The killing of Endia Martin, 14, in Chicago, began in the virtual world of cyberspace, says Chicago Tribune columnist John Kass. Now the Chicago Police Department has detailed officers “to watch those virtual playgrounds, where gangsters get together and boast about who got capped, who fell and who should die.” The New York Police Department has been doing this work formally for several years, by posting fake social media profiles as bait for gangbangers to follow. Sources say Chicago police have followed suit with a new unit to deal with gangs and cyberspace.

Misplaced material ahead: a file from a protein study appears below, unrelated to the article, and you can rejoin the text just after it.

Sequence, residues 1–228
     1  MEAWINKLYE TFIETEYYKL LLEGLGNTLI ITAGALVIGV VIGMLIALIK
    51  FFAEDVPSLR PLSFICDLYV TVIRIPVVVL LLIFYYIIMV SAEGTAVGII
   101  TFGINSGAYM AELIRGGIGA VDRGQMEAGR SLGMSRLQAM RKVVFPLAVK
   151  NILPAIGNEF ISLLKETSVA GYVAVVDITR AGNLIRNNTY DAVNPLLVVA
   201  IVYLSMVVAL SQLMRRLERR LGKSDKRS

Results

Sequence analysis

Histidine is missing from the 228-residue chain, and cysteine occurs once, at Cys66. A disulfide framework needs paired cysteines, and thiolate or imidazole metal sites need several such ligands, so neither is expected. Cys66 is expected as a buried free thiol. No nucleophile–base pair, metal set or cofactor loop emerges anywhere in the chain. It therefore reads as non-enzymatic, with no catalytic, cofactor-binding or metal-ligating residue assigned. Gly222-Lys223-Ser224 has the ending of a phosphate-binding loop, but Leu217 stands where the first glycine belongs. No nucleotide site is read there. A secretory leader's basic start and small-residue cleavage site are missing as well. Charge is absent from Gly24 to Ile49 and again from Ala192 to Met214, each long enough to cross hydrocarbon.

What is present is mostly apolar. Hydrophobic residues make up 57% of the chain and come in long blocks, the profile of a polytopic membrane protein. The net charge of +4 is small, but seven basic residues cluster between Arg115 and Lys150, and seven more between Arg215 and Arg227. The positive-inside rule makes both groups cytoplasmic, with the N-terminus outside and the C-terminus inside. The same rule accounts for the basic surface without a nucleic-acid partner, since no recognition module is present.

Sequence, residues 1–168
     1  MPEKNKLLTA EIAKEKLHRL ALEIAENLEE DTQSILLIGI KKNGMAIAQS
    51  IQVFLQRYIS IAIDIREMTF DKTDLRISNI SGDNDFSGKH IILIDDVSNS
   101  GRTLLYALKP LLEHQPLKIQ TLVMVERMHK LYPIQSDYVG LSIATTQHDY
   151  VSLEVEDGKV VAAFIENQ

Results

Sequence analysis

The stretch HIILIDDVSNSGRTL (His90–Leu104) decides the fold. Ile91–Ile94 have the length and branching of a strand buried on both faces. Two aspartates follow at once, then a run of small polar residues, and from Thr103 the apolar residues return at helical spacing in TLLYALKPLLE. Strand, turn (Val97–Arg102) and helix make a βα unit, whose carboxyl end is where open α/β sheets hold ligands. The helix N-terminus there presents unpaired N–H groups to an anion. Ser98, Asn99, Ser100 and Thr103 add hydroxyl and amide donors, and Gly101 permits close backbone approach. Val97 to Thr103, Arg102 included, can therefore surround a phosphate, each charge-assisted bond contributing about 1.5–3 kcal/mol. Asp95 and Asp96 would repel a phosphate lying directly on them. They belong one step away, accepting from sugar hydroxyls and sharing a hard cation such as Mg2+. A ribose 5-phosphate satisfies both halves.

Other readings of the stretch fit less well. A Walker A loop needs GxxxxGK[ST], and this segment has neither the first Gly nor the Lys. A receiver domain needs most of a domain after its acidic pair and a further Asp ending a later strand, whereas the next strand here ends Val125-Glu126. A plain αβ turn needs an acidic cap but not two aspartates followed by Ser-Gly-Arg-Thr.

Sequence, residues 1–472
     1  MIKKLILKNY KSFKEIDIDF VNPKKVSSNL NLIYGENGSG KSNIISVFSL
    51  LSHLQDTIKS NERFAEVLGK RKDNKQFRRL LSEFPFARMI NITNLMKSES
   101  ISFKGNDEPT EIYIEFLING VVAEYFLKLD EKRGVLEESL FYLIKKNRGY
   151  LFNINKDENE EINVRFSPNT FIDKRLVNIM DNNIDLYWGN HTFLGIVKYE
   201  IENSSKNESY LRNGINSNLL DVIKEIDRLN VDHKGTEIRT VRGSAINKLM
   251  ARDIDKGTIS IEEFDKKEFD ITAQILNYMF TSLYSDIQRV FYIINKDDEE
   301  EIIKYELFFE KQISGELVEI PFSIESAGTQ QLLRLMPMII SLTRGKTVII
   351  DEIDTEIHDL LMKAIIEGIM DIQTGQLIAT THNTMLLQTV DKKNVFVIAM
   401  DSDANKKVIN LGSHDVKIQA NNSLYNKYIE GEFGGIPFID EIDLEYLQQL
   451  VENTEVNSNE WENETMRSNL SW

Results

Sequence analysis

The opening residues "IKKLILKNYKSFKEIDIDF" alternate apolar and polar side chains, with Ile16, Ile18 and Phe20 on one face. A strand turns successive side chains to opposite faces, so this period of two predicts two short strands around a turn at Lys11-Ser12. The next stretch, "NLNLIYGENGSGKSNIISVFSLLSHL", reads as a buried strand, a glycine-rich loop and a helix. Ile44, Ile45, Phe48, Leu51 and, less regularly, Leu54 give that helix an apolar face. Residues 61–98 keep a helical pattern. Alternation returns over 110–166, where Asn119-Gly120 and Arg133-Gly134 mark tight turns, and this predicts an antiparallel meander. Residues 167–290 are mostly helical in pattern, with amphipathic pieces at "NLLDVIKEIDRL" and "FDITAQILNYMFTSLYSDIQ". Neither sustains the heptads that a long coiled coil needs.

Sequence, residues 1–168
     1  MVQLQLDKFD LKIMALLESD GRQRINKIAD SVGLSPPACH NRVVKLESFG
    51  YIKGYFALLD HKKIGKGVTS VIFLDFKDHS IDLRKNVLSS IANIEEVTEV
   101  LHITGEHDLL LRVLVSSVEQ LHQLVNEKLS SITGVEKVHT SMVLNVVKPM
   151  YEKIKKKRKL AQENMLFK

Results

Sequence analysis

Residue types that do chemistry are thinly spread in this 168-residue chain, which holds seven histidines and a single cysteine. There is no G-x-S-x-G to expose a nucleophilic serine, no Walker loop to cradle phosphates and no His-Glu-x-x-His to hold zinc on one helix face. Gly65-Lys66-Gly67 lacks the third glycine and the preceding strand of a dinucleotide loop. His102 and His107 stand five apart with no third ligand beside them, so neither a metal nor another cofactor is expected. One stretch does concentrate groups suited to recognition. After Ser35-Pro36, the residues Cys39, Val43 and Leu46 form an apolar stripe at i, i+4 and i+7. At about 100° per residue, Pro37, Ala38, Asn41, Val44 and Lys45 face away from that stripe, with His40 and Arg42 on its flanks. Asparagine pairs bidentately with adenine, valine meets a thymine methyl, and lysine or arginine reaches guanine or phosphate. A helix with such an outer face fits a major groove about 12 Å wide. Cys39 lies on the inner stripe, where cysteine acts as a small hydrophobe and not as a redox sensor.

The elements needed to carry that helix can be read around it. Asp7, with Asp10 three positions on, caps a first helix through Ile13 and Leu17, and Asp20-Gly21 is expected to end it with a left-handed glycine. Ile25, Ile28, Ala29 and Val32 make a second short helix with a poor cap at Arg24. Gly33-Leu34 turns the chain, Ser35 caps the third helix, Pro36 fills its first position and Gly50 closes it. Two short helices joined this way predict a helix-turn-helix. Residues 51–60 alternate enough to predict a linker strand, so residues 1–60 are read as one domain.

Publicly, officials would not go so far as calling it a “unit,” opting instead to describe it as a crime-fighting tactic that is being expanded. “For gang members, social media is the new graffiti,” said police spokesman Adam Collins. “It’s a way to communicate, to intimidate, to sound off, to taunt other gangs or to boost their own reputation.” Cops who work with the new unit are impressed with the information they’re receiving. Says Kass: “On social media, insults and challenges are posted for the world to see, or at least for those who know where to look. The insults increase, others get involved, and some bring guns. That’s what allegedly happened before Endia’s slaying: trash talk on Facebook over a boy. And then a gun came out.”